Az - Conditional Access Policies / MFA Bypass

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Basic Information

Azure Conditional Access policies are rules set up in Microsoft Azure to enforce access controls to Azure services and applications based on certain conditions. These policies help organizations secure their resources by applying the right access controls under the right circumstances. Conditional access policies basically defines Who can access What from Where and How.

Here are a couple of examples:

  1. Sign-In Risk Policy: This policy could be set to require multi-factor authentication (MFA) when a sign-in risk is detected. For example, if a user's login behavior is unusual compared to their regular pattern, such as logging in from a different country, the system can prompt for additional authentication.

  2. Device Compliance Policy: This policy can restrict access to Azure services only to devices that are compliant with the organization's security standards. For instance, access could be allowed only from devices that have up-to-date antivirus software or are running a certain operating system version.

Conditional Acces Policies Bypasses

It's possible that a conditional access policy is checking some information that can be easily tampered allowing a bypass of the policy. And if for example the policy was configuring MFA, the attacker will be able to bypass it.

Device Platforms - Device Condition

It's possible to set a condition based on the device platform (Android, iOS, Windows, macOS), however, this is based on the user-agent so it's pretty easy to bypass. Even making all the options enforce MFA, if you use a user-agent that it doesn't recognize you will be able to bypass the mFA.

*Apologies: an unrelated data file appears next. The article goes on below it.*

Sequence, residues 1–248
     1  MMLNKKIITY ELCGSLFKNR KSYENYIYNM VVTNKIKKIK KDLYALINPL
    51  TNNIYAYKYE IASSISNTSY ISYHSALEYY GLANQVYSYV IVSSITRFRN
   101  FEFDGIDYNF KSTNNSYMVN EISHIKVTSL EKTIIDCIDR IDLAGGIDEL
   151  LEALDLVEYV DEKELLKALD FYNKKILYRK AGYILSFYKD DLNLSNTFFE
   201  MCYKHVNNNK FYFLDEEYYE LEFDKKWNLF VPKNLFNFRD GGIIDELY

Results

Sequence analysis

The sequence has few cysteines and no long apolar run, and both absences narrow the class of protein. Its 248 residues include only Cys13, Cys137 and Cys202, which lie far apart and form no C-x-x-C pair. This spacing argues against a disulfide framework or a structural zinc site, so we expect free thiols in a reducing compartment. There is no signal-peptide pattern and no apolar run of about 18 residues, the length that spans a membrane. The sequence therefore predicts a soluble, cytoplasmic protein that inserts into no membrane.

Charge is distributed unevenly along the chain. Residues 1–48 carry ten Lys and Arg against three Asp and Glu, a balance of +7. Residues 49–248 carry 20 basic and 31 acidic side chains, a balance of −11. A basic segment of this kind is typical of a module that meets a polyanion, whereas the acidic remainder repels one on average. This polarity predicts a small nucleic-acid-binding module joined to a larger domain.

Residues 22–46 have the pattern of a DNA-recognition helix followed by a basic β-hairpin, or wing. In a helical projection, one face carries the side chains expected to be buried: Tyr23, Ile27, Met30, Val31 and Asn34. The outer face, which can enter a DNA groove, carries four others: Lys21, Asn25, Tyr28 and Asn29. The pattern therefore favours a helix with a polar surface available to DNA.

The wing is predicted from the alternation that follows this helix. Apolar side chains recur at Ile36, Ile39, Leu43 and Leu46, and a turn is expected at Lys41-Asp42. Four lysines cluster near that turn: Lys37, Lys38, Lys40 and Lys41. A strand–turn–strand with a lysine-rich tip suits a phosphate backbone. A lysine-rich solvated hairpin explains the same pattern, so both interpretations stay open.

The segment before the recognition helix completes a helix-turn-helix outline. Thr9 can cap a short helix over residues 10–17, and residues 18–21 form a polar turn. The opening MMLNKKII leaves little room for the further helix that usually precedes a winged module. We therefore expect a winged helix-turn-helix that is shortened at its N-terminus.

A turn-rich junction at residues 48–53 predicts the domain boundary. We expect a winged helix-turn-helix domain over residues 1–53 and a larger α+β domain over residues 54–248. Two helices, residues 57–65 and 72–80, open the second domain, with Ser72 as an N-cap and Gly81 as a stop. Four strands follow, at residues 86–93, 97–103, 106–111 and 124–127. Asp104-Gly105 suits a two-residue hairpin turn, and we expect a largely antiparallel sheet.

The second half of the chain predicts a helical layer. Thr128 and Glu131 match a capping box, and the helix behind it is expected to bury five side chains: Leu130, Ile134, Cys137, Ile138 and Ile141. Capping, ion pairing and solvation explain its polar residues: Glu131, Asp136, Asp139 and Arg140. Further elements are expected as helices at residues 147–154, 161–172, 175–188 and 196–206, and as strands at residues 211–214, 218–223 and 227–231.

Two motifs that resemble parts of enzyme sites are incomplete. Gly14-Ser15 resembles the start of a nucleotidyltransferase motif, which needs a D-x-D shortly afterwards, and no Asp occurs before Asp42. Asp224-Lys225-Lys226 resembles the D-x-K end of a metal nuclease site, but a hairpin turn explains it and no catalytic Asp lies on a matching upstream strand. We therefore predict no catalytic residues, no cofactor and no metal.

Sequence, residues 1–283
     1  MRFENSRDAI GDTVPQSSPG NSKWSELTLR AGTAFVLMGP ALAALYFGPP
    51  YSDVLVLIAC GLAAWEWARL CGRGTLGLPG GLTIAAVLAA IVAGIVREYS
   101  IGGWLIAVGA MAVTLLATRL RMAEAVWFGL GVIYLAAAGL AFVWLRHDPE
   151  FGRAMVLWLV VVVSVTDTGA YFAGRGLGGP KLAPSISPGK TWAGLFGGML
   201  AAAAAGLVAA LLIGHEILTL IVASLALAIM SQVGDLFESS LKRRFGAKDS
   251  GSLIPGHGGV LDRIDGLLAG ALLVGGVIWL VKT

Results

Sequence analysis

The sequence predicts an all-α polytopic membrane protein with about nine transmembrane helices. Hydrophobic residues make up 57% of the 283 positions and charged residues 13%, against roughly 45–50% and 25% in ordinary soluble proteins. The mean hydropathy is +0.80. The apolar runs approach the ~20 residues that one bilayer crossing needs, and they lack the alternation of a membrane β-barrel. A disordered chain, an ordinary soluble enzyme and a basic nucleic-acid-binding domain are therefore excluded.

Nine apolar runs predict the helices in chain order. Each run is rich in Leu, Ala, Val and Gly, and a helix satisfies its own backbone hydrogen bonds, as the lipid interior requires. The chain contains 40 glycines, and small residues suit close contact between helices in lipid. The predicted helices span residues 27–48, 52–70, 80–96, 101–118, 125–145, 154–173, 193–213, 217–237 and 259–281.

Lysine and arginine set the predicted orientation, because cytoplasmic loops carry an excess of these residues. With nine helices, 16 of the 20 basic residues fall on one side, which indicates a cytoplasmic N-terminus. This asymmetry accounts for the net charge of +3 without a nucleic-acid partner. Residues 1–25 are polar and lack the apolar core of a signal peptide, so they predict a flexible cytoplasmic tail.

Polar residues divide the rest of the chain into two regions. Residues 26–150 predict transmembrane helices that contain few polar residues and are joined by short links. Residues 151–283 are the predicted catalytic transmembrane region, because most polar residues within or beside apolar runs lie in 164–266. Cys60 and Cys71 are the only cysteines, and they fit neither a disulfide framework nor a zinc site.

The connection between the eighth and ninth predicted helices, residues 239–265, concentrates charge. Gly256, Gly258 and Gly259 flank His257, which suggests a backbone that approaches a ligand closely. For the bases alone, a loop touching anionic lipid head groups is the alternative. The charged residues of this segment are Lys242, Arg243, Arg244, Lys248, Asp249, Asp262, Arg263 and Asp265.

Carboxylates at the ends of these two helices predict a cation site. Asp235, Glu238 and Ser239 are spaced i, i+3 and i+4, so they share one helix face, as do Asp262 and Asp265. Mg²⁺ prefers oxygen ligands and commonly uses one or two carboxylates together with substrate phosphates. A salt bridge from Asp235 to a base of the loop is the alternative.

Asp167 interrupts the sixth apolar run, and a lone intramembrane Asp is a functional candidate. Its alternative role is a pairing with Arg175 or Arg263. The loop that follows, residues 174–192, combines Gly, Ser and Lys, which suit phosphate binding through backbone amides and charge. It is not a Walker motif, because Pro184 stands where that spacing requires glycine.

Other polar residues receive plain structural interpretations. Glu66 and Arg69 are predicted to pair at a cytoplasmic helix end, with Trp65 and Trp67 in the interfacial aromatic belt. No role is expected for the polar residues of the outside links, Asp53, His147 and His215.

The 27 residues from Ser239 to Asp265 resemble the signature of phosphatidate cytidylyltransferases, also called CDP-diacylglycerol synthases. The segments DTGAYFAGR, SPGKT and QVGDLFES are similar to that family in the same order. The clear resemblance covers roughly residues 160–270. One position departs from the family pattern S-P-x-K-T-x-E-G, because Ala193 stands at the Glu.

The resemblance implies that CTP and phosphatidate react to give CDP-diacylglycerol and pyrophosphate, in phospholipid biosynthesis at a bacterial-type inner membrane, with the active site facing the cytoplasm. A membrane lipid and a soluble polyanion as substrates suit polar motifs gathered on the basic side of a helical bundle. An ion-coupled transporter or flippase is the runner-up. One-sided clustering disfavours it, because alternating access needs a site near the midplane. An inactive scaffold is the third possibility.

Locations: Countries, IP ranges - Device Condition

Of course if this is set in the conditional policy, an attacker could just use a VPN in the allowed country or try to find a way to access from an allowed IP address to bypass these conditions.

Office365 Client Apps

You could indicate that if clients access Office 365 apps from the browser they need MFA:

To bypass this, it's possible to pretend you log-in into an app from a desktop application (like to Microsoft Teams in the following example) which will bypass the protection:

roadrecon auth -u -r -c 1fec8e78-bce4-4aaf-ab1b-5451cc387264 --tokrns-stdout


As Microsoft Teams app has a lot of permissions, you will be able to use that access.

You can find the ID of more public applications with predefined Office365 permissions in the database of roadtools:

SELECT appId, displayName FROM ApplicationRefs WHERE publicCLient = 1 ORDER BY displayName ASC

This attack is specially interesting because by default public Office365 applications will have permissions to access some data.

Other apps

By default, other apps created by users won't have permissions and could be private. However, users could also create public apps granting them some permissions.